Canterbury Christ Church University (CCCU) was founded by the Church of England as a college for teaching training in 1962. It achieved public university status in 2005, but remains affiliated to the Anglican faith. The Archbishop of Canterbury Justin Welby, the head of the Church, is the institution’s vice chancellor.
The university has one campus in Canterbury, a UNESCO World Heritage Site, and others spread out across the English county of Kent in Broadstairs, Folkestone, Medway and Tunbridge Wells.
There remains a strong focus on vocational training at CCCU, with courses for teachers, nurses, emergency service practitioners as well as those working in social care. However, it also offers a range of academic programmes across the arts, humanities, social sciences, business, science and engineering.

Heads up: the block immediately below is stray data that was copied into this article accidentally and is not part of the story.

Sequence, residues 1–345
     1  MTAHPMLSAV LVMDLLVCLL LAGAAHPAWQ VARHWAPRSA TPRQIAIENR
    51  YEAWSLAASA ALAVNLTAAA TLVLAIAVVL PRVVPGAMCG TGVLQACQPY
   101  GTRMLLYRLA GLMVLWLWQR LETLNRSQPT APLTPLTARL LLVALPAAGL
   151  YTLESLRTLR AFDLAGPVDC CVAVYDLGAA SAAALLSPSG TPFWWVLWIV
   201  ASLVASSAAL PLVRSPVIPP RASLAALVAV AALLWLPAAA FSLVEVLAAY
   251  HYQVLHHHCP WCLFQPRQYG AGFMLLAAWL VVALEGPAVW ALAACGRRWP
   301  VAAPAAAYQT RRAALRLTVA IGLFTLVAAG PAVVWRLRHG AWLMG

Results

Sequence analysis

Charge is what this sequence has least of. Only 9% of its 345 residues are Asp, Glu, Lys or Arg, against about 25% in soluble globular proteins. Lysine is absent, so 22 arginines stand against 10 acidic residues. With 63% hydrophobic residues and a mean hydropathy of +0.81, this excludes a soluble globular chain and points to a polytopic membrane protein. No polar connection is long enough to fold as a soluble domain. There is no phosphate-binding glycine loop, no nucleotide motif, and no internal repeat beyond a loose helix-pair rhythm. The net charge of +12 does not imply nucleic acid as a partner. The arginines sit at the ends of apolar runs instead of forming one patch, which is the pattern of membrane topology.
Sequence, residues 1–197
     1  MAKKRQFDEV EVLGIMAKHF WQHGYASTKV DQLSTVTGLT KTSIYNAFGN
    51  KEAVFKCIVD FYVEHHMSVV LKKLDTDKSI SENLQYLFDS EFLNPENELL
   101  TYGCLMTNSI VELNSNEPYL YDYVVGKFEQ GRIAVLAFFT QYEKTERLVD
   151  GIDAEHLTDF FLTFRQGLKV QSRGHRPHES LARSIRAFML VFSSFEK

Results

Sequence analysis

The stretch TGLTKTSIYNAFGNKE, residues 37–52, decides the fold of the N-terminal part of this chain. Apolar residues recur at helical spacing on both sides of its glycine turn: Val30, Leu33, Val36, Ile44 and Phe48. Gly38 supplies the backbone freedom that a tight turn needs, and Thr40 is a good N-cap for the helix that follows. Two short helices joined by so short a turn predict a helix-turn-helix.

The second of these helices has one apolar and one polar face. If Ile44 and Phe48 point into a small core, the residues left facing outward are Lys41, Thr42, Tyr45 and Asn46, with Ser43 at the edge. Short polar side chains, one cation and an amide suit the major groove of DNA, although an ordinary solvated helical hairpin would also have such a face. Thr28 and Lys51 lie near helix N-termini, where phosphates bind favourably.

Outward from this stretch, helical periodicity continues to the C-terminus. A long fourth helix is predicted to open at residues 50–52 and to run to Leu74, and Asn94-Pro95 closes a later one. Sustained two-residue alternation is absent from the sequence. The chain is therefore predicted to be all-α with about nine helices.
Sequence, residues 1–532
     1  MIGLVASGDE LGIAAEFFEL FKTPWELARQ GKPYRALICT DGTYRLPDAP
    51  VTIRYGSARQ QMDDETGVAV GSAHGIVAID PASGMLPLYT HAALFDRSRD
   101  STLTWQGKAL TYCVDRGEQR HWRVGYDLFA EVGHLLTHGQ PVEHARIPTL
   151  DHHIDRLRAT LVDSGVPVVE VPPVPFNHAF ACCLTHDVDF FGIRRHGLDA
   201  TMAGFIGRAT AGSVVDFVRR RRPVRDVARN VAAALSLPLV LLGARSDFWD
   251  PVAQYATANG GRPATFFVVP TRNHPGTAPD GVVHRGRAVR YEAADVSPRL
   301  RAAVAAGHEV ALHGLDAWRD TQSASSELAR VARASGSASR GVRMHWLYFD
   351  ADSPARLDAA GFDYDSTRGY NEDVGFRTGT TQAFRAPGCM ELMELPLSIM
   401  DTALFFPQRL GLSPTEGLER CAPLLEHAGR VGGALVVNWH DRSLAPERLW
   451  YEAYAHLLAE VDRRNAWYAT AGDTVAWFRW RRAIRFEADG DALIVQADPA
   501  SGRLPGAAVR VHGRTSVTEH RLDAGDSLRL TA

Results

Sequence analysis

The university is currently being updated as part of a £150 million investment programme. A new arts building was completed in September 2016, which will be followed in 2020 by a new home for courses in science, engineering, technology and health. In 2014, the university acquired Canterbury’s 19th century prison, which is in the process of being renovated to extend the city’s campus by five acres.
The motto for CCCU is “The truth will set you free”, taken from John’s Gospel in the Christian new testament.
Student life in Canterbury is undoubtedly picturesque, filled with medieval architecture and gardens. Fans of old fashioned English pubs are well catered for and the city’s history is easily accessible through the Canterbury Heritage Museum.
The university has 60 different clubs and societies that students can take part in. Graduation ceremonies take place at both Canterbury and Rochester Cathedral, providing a stunning backdrop for the students’ big day.